With all the recent cases of abuse and misconduct in Hollywood coming to light in droves, it can be difficult to not yearn for a time when things seemed so much cleaner and more professional. I hear it all the time from people who grew up influenced by old Hollywood: "things were so much NICER back then," "those were the days when Hollywood had CLASS," and even "this would have NEVER happened back in those days."
While it's easy to look back on the formative years of Hollywood with rose-tinted glasses and get swept up in all the glitz and glamour, it's important to remember that there have been hundreds of cases of misconduct in the industry since the time of its formation. While some of these get brushed aside as being "part of the times," others are just as insidious and career-ruining as cases like the ones we're seeing today.
With all of this said, there are few people who would be better primed to talk to us about abuse in Hollywood than The Wizard of Oz star Judy Garland, who not only had a difficult upbringing due to her constant proximity to Hollywood, but was the subject of some pretty nasty treatment, even behind the scenes of this beloved family classic...
Garland's career had already been off to something of a horrific start. Performing with her family as part of a vaudeville act, she and her sister were given a steady diet of drugs by their mother in order to keep up with the show's rigorous schedule. Her father, Frank Gumm, committed suicide when she was 13, leaving her constantly seeking attention from older men.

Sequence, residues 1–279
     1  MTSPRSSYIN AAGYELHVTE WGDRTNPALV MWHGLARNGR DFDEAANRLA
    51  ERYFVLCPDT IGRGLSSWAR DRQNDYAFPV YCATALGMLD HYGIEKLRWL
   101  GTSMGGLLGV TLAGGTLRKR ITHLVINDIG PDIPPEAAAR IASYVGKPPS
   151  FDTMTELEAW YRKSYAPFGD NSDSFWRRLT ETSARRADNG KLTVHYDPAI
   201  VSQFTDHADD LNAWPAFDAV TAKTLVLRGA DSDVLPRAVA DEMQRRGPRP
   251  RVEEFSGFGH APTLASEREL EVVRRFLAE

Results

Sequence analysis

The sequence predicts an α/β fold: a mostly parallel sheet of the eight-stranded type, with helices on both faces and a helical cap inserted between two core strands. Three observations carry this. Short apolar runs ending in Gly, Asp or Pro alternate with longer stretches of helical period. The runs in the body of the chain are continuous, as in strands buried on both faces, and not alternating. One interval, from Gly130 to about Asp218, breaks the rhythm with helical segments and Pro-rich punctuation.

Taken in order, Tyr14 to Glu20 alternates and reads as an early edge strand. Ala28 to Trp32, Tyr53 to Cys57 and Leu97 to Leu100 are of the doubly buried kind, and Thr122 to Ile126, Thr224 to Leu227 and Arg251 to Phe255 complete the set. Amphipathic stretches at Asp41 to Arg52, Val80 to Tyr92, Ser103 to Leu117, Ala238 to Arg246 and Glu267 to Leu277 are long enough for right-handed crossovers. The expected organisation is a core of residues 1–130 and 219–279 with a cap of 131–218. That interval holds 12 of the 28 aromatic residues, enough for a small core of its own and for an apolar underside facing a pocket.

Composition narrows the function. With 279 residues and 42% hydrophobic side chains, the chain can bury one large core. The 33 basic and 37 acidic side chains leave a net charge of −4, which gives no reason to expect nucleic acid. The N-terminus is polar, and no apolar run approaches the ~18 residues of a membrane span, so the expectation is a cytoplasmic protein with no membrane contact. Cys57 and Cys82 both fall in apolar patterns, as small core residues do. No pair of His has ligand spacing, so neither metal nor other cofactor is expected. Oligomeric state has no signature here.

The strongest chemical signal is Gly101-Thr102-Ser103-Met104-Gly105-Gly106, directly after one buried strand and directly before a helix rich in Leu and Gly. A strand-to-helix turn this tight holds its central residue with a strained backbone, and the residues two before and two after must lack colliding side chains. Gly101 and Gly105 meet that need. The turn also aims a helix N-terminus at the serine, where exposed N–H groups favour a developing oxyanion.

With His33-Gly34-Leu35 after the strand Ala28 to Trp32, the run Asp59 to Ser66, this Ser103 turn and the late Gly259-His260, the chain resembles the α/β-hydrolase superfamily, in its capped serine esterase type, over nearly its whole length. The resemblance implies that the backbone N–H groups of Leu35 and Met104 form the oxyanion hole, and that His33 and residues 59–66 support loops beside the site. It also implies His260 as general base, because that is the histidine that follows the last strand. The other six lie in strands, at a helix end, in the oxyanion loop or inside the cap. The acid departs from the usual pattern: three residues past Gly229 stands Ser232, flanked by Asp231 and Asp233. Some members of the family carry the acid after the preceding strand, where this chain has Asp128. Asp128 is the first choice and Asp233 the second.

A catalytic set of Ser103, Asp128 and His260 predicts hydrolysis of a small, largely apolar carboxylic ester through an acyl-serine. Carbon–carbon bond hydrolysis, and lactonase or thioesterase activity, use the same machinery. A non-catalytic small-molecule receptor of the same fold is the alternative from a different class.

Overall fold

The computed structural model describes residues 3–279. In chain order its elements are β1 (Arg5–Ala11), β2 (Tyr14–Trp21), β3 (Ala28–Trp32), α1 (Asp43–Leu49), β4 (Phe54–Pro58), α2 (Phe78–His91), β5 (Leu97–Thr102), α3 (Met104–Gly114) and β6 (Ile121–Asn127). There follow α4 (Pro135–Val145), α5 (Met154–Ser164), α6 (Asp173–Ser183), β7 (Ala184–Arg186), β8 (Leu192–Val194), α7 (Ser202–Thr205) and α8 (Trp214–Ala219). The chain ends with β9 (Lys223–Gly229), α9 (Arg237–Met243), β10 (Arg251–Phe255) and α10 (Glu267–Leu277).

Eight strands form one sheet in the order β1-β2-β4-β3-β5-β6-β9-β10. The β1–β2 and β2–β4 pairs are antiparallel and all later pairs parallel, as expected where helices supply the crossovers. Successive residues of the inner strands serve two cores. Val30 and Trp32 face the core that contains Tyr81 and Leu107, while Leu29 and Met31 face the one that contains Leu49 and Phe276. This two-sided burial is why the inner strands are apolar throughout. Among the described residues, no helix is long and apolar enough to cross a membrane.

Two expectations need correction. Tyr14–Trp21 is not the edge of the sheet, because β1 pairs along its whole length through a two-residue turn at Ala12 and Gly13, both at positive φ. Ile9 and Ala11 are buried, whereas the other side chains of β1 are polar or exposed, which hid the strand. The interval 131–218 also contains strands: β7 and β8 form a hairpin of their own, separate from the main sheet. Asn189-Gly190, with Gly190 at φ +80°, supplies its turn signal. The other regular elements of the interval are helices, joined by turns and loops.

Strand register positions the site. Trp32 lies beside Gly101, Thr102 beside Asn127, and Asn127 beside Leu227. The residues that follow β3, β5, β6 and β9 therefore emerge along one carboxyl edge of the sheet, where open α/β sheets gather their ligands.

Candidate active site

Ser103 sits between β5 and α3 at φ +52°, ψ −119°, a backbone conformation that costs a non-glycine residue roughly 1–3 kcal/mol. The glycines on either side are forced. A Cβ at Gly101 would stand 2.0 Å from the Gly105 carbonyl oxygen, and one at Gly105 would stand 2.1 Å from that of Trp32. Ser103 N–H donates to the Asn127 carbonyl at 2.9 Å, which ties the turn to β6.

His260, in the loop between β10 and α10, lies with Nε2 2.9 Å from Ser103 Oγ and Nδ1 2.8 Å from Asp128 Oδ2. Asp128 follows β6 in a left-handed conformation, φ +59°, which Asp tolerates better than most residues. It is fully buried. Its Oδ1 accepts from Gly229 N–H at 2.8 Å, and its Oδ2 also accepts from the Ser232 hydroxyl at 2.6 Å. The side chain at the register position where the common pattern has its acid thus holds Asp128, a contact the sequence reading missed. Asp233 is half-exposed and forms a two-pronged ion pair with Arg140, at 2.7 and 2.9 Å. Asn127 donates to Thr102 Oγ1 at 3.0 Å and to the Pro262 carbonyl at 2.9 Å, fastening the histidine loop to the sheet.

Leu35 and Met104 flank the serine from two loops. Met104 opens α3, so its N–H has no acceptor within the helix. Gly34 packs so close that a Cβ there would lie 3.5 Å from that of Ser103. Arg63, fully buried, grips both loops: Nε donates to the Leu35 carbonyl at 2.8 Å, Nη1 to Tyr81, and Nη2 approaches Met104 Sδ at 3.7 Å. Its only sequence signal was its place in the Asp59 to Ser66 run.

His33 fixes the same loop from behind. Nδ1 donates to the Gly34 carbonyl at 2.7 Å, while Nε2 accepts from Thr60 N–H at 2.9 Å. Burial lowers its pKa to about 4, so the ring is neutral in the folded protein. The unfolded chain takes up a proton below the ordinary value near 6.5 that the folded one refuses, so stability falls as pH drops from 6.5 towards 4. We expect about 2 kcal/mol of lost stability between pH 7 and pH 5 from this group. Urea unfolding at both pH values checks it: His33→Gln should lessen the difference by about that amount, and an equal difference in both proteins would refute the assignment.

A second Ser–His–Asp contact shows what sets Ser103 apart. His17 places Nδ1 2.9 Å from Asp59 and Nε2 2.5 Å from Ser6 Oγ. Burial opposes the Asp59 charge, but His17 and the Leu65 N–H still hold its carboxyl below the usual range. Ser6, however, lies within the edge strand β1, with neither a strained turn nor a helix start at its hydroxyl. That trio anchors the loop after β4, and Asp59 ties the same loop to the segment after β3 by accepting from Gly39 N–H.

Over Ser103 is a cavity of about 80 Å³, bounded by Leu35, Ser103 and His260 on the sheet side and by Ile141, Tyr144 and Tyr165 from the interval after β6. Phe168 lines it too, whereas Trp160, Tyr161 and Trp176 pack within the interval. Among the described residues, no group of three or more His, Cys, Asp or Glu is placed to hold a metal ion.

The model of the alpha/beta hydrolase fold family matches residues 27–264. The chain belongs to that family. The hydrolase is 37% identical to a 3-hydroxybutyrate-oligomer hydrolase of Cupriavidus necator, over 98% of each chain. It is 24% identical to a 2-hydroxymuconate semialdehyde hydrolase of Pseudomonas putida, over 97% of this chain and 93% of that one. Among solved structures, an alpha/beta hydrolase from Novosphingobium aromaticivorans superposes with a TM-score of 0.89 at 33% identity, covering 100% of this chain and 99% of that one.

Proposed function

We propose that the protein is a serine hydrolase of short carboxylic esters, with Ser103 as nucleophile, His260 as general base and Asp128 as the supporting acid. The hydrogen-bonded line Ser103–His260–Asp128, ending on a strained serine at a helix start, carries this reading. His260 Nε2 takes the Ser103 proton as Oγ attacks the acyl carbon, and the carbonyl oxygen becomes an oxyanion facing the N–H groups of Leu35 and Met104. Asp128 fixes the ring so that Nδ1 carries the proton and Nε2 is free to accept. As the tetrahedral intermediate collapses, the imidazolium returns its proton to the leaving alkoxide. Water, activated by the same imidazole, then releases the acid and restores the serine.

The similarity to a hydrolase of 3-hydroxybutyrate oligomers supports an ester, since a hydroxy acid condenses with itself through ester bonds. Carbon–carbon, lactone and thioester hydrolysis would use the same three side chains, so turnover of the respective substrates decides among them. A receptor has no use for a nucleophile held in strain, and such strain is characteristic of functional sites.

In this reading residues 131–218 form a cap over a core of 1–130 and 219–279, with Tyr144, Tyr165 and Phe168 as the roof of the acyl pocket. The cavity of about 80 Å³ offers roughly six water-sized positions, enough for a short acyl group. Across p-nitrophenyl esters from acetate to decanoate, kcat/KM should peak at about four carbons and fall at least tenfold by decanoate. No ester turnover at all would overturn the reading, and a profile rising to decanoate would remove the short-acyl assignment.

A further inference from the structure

The actress was 16 when she won the part of Dorothy back in 1939, and was already suffering from issues that would follow her for the rest of her career. She was addicted to barbiturates and amphetamines and was on the road to alcoholism, but even worse was the fact that she was constantly molested by older men from the studio, who outright claimed that she was their "property."
This was only the beginning of Garland's problems. Upon being scouted for the role, she became extremely self-conscious about her appearance while surrounded by already legendary actresses like Ava Gardner and Greta Garbo. Studio head Louis B. Mayer, whose tyrannical running of MGM Studios carries more disgusting behavior than we have room for here, exacerbated this by constantly referring to her as "my little hunchback."
“I was always lonesome,” Garland later recalled. “The only time I felt accepted or wanted was when I was on stage performing. I guess the stage was my only friend; the only place where I could feel comfortable. It was the only place where I felt equal and safe.”
The torment would continue for Garland at the hands of Mayer during her 17 years at MGM, as he would send spies to her house to ensure she was keeping to her studio-mandated diet of coffee, cigarettes and chicken soup in order to lose weight. All of these factors and more contributed to the fact that Garland ultimately died at the relatively young age of 47, in 1969.
What do you think about the story of Garland's life? Was Hollywood really any better back then?